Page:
Andrew Stewart (bishop of Caithness, died 1541)

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Andrew Stewart
Bishop of Caithness
Coat of arms of Andrew Stewart
Church Roman Catholic Church
See Diocese of Caithness
In office 1517–1541
Predecessor Andrew Stewart
Successor Alexander Gordon
Orders
Consecration 14 December 1517 (papal provision)
Personal details
Born 15th century
Probably Atholl
Died Dornoch, 1541
Previous post Bishop of Dunkeld (elect: 1515–1516)
Rector of Blair

Andrew Stewart (died 1541) was a 16th-century Scottish noble and cleric. He was the legitimate[1] son of John Stewart, 1st Earl of Atholl and Eleanor Sinclair, daughter of William Sinclair, Earl of Orkney. His paternal grandmother was Joan Beaufort, former queen-consort of Scotland (to James I).[2] Andrew chose an ecclesiastical career, held a canonry in Dunkeld Cathedral and was rector of Blair parish church (Dunkeld diocese),[3] a church under the control of the earls of Atholl.[4]

After the death in January 1515 of George Brown, Bishop of Dunkeld, a new bishop was needed for that bishopric. Queen Margaret, husband of the recently deceased James IV and mother of the young James V, backed to succeed Brown one Gavin Douglas, a poet and cleric who was Provost of St Giles church in Edinburgh.[5] He was the uncle of the queen's new husband, Archibald Douglas, 6th Earl of Angus.[6] The queen had put him forward on 20 January 1515, just a few days after Brown's death.[6] Douglas had lately missed out on the position of Archbishop of St Andrews, and so this was in some way intended as compensation.[7] Douglas had a proctor pay 450 florins to the Papal see, and Pope Leo X confirmed his position on 25 May.[8]

Meanwhile, Andrew Stewart's brother John Stewart, 2nd Earl of Atholl, pressured the chapter of Dunkeld Cathedral to elect Andrew to the see instead of Douglas. Alexander Myln, in his 16th century Vitae Dunkeldensis ecclesiae episcoporum ("Lives of the Bishops of Dunkeld"), related that after hearing news of Bishop Brown's death, Atholl visited Dunkeld and requested that his brother be made bishop.[9] As many of the canons were either related by blood to Atholl, or else held lands under Atholl's power, the pressure was significant and Andrew Stewart was accordingly elected to the see.[10] A letter was sent to John Stewart, Duke of Albany, Governor of Scotland and guardian of the young James V of Scotland; Albany was in France and refused to deal with the disposal of any bishopric until his return to the country.[10] When Albany returned in May (still 1515), he subverted Queen Margaret, confirmed the appointment of Andrew and compelled the chapter of Dunkeld to hand over the temporalities of the see.[11] In July, the Queen agreed to Andrew Stewart's appointment and Albany imprisoned Douglas for breaking the laws of the kingdom, that is, on account of his purchase of the bishopric at Rome.[12]

However, Andrew Stewart failed to secure confirmation from the Papacy. Albany gave up his support for Andrew and released Douglas from imprisonment; in September 1516, he agreed to Douglas' accession to the see of Dunkeld.[6] Douglas was consecrated on 21 September 1516.[13] On 24 July 1517, Albany wrote to the Pope requesting that Andrew Stewart be given the now vacant see of Caithness.[3] The Pope agreed, and on 14 December 1517, Andrew Stewart became Bishop of Caithness.[14] Thereafter, the sources leave almost no information about Stewart, and his 24-year rule of the diocese of Caithness goes largely undocumented, save only the occasional appearance, such as his attendance at parliament on 10 December 1540.[15] He died intestate some short time before 9 August 1541.[16]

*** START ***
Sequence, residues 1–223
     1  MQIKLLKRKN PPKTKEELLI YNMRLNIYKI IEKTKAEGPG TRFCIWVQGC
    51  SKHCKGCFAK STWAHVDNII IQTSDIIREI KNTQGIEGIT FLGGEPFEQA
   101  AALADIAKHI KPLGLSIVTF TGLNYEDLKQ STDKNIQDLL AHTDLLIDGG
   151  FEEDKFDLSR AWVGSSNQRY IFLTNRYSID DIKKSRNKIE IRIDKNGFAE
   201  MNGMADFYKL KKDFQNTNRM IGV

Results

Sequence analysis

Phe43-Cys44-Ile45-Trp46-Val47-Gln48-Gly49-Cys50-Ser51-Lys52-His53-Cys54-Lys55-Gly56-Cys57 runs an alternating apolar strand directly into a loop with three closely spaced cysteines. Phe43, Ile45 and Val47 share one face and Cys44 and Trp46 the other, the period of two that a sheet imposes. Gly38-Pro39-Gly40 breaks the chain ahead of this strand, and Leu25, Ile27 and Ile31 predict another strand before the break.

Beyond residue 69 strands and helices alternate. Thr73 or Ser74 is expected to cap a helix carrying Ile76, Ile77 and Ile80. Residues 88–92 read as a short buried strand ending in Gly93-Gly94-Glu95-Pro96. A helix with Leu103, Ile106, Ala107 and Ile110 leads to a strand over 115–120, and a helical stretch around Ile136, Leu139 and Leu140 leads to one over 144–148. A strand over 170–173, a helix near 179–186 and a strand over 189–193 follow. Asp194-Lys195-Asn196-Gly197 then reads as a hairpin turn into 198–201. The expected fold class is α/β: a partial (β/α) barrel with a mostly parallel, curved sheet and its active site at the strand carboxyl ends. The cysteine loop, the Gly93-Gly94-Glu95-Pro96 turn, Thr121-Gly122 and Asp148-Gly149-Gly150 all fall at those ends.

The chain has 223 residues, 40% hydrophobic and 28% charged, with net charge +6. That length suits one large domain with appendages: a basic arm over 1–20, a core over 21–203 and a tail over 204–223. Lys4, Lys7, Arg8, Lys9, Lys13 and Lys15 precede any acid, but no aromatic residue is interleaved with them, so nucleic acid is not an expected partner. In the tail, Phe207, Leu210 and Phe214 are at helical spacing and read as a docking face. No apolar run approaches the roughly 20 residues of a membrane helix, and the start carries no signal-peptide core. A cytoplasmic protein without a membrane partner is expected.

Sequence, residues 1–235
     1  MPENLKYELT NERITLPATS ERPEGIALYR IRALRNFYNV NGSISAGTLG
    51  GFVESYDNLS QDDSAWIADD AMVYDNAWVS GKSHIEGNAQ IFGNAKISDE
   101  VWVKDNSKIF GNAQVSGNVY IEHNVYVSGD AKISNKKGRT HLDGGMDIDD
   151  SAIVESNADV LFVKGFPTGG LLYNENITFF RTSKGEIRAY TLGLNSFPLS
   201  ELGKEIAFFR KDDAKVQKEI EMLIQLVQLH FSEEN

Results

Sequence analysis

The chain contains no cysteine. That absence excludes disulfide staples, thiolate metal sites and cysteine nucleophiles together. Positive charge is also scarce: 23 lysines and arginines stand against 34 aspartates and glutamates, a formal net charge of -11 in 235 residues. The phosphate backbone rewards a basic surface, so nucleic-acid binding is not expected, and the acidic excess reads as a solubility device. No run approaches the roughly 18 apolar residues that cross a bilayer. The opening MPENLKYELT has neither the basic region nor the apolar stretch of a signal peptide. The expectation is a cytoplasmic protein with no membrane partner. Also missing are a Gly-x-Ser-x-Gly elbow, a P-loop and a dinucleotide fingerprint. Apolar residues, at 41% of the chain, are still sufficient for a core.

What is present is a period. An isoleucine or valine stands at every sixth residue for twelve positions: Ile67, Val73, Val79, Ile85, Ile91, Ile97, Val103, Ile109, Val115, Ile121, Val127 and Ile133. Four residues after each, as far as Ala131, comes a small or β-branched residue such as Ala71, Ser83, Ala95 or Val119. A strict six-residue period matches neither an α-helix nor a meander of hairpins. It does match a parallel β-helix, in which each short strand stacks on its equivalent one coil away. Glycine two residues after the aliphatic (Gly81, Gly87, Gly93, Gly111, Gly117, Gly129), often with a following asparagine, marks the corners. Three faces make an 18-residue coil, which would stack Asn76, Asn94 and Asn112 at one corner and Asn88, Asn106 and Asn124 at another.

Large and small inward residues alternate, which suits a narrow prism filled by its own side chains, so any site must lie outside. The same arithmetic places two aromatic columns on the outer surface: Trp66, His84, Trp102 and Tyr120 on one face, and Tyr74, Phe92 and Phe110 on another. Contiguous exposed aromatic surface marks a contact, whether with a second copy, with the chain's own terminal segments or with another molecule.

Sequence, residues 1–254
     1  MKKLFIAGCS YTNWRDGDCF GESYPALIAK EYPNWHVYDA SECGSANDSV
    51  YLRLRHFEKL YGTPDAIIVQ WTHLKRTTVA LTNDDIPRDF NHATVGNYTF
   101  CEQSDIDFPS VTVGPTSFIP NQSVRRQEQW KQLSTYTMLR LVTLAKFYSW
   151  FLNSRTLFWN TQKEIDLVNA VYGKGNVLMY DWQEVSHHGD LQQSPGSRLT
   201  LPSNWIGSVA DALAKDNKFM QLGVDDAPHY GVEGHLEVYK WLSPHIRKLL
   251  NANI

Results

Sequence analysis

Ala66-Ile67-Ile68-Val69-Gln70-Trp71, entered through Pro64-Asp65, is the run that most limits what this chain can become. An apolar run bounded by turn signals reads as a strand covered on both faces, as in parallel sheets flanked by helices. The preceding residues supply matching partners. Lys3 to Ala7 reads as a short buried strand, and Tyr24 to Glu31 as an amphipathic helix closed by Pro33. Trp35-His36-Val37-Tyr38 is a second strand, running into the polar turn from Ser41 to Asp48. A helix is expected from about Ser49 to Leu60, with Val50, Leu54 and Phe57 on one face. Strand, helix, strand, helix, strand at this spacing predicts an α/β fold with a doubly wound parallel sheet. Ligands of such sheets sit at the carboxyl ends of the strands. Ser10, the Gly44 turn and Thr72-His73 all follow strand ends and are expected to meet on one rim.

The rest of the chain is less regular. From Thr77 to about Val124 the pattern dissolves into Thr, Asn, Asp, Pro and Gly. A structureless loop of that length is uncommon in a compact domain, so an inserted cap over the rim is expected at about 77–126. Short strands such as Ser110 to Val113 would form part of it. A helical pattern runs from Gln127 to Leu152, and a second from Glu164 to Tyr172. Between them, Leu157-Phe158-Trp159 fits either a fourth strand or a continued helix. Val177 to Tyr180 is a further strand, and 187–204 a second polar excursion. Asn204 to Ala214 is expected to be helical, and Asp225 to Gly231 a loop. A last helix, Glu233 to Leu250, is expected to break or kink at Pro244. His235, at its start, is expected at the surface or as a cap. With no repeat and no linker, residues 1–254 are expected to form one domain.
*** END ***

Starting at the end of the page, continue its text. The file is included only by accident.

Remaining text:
Notes[edit]

  1. ^ See Dowden, Bishops of Scotland, p. 248, n. 1, for dismissal of previous speculation that he was a bastard.
  2. ^ Boardman, "Stewart, John, first earl of Atholl (1440?–1512)".
  3. ^ a b Dowden, Bishops of Scotland, p. 248.
  4. ^ Cowan, Parishes of Medieval Scotland, p. 18.
  5. ^ Dowden, Bishops of Scotland, p. 83.
  6. ^ a b c Bawcutt, "Douglas, Gavin (c.1476–1522)".
  7. ^ Watt, Fasti Ecclesiae, pp. 99, 297-8.
  8. ^ Watt, Fasti Ecclesiae, p. 99; Dowden, Bishops of Scotland, p. 83.
  9. ^ Myln, Vitae Dunkeldensis, pp. 70-1.
  10. ^ a b Dowden, Bishops of Scotland, p. 82.
  11. ^ Watt, Fasti Ecclesiae, p. 99; Dowden, Bishops of Scotland, p. 82.
  12. ^ Bawcutt, "Douglas, Gavin (c.1476–1522)"; Watt, Fasti Ecclesiae, p. 99; Dowden, Bishops of Scotland, pp. 82, 83.
  13. ^ Watt, Fasti Ecclesiae, p. 99.
  14. ^ Watt, Fasti Ecclesiae, p. 61; Dowden, Bishops of Scotland, p. 248.
  15. ^ Dowden, Bishops of Scotland, p. 248, n. 1.
  16. ^ Watt, Fasti Ecclesiae, p. 61; Dowden, Bishops of Scotland, p. 2498.

References[edit]

  • Bawcutt, Priscilla J., "Douglas, Gavin (c.1476–1522)", in the Oxford Dictionary of National Biography, Oxford University Press, 2004 , accessed 18 Feb 2007
  • Boardman, S. I., "Stewart, John, first earl of Atholl (1440?–1512)", in the Oxford Dictionary of National Biography, Oxford University Press, 2004 , accessed 18 Feb 2007
  • Cowan, Ian B., The Parishes of Medieval Scotland, Scottish Records Society Vol. 93, (Edinburgh, 1967)
  • Dowden, John, The Bishops of Scotland, ed. J. Maitland Thomson, (Glasgow, 1912)
  • Myln, Alexander, Vitae Dunkeldensis ecclesiae episcoporum, ed. Thomas Thomson, rev. edn, 1, rev. Cosmo Innes, (Bannatyne Club, 1831)
  • Watt, D. E. R., Fasti Ecclesiae Scotinanae Medii Aevi ad annum 1638, 2nd Draft, (St Andrews, 1969)
Religious titles
Preceded by
George Brown
Bishop of Dunkeld
1515–1516 (elect)
Succeeded by
Gavin Douglas
Preceded by
Andrew Stewart
Bishop of Caithness
1517–1541
Succeeded by
Alexander Gordon